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10 Defining Albums, #4: I Could Live in Hope by Low (Review)

I Could Live in Hope - Low

In keeping with a recent Facebook meme, these are 10 albums, listed by artist in alphabetical order, that had a huge impact on me, changed the way I experienced music, expanded my horizons, and maybe even saved me. They’re not necessarily the best albums or even my favorite albums by the respective artists, though there’s some overlap. But without them, I wouldn’t be who I am today.


Slowcore” is one of those genre names that everybody seems to disparage, and yet, they keep using it all the same. Which is probably much to Low’s frustration, because the Minnesota band is arguably the band most often referenced when ​“slowcore” comes up in conversation, and with their 1994 debut album I Could Live in Hope, they created the prototypical slowcore album.

As you might’ve guessed by now, Low plays a form of indie-rock that is slower than slow, with glacial rhythms and delicately picked guitars that take a seeming eternity to unfold. There’s just as much emphasis on the space that occurs between the notes as on the notes themselves, and Low makes great use of said space. The result is music that is contemplative and hypnotic, spooky and sublime. And when I first heard Low back around 1996 or 1997, I was completely spellbound by their stripped down, sparser-than-sparse sound.

I can see some complain about Low’s music being too slow, too simple, too boring, but I’ve never found this album to be any of those things. Low certainly requires you to match their pace, to sit down inside their songs. Up until then, I’d never heard pop music so demanding — demanding, but also rewarding. Because there are so few of them (relatively speaking), each note and element — be it a melodic line, a guitar strum, a bass note, or the brush of a cymbal — feels absolutely essential. Nothing is wasted, and as a result, everything becomes so much more important and affecting.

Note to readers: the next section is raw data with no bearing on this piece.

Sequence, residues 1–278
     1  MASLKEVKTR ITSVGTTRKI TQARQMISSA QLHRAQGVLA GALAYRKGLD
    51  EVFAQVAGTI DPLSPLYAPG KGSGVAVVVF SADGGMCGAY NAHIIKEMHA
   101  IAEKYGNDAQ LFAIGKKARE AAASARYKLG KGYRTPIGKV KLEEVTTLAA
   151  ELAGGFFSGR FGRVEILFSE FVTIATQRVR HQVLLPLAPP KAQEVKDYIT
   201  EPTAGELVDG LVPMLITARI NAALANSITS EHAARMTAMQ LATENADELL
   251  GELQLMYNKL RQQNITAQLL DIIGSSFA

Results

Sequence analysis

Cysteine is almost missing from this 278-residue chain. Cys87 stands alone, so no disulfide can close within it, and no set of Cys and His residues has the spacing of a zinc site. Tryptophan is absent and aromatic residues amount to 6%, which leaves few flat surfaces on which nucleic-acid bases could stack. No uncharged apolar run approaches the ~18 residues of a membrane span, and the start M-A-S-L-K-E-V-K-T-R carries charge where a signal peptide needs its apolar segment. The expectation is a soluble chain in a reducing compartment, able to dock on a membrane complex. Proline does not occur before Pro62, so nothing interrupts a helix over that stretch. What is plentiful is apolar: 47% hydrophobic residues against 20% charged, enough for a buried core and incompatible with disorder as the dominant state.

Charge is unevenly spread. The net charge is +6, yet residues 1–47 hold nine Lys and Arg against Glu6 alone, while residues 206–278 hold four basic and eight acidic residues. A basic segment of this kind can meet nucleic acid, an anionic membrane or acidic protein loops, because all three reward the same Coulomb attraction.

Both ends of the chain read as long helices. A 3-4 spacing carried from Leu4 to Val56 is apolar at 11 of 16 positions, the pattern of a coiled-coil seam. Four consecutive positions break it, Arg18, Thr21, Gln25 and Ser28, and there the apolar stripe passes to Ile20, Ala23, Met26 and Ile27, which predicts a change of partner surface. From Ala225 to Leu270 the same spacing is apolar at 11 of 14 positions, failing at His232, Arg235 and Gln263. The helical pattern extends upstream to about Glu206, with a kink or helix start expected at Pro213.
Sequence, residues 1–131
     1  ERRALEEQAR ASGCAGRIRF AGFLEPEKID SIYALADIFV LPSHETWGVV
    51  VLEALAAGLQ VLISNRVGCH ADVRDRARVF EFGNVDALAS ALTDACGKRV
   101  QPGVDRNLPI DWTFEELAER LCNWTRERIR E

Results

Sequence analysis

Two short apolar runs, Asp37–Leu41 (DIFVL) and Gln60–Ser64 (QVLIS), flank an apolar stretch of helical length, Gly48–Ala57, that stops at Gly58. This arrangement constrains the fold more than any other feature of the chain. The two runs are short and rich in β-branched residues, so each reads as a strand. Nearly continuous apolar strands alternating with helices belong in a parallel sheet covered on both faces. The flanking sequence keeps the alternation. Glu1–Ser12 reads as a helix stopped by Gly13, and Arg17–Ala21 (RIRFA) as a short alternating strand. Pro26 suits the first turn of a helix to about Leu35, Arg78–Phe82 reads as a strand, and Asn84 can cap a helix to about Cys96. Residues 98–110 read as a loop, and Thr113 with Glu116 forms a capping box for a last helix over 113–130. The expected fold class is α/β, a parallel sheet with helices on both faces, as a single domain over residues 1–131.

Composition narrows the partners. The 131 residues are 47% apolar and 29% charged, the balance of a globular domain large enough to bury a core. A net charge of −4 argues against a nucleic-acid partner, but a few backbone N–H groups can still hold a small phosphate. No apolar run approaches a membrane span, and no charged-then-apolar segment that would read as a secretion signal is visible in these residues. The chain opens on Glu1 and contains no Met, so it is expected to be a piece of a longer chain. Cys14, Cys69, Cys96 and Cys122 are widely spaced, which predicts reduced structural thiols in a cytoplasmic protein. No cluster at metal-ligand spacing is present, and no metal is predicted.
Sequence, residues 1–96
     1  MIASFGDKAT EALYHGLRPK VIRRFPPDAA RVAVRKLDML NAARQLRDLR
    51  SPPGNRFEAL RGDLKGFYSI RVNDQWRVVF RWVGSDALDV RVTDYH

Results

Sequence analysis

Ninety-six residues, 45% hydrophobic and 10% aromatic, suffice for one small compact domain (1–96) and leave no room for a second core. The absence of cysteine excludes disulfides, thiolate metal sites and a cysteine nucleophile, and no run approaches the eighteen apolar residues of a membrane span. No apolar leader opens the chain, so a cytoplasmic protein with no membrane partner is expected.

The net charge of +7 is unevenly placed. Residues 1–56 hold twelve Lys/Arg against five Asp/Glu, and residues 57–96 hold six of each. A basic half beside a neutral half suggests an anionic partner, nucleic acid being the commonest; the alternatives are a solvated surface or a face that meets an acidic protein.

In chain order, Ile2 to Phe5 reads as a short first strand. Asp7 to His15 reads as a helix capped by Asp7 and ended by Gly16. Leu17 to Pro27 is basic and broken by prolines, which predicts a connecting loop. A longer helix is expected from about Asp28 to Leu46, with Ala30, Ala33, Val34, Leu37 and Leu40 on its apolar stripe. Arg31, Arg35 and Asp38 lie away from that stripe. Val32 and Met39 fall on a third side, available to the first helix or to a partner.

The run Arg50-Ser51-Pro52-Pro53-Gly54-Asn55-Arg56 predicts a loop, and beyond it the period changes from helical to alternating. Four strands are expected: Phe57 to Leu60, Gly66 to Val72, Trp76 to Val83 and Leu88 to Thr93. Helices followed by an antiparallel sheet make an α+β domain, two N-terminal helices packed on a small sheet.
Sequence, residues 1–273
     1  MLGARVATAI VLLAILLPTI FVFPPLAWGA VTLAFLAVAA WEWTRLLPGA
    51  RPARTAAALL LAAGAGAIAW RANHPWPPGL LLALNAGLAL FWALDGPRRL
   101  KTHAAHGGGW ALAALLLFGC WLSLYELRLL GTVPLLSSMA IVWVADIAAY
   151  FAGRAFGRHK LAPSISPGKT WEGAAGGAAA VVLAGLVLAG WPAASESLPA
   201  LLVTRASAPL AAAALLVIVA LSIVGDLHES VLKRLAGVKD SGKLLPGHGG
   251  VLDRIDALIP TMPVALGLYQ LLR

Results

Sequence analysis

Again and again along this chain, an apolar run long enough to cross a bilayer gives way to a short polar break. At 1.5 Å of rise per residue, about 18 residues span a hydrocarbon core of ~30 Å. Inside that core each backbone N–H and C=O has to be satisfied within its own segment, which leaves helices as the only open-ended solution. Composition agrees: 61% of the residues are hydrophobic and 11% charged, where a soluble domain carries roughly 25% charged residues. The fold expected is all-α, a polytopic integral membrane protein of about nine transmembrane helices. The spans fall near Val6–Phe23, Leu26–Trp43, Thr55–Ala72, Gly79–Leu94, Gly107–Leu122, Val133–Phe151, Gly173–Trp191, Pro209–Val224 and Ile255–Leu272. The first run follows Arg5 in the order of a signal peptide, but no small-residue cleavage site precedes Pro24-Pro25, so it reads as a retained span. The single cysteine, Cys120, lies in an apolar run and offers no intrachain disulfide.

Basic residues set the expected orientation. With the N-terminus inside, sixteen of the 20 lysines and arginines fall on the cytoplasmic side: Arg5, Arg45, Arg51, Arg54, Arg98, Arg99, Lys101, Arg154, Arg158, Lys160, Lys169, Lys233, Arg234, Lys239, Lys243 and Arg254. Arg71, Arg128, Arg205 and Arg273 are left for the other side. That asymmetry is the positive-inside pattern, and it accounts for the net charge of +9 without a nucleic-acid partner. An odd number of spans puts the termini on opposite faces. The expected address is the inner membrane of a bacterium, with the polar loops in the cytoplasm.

And I would be greatly remiss if I didn’t mention Low’s greatest asset, the vocal harmonies of Alan Sparhawk and Mimi Parker, which strike an amazing balance between worshipful and world-weary, and are never anything other than lovely.

One of the greatest concerts I’ve ever been to was Low performing at Omaha’s now defunct Cog Factory sometime around 1998. It was the middle of winter, and there were barely 20 people in the venue, most of whom were there to see the opening band. The Cog Factory was as sketchy as they came, a literal hole in the wall that was an icebox on that winter night. But that night, the stark, empty venue, not to mention the frigid weather outside, turned out to be the perfect backdrop for Low’s music.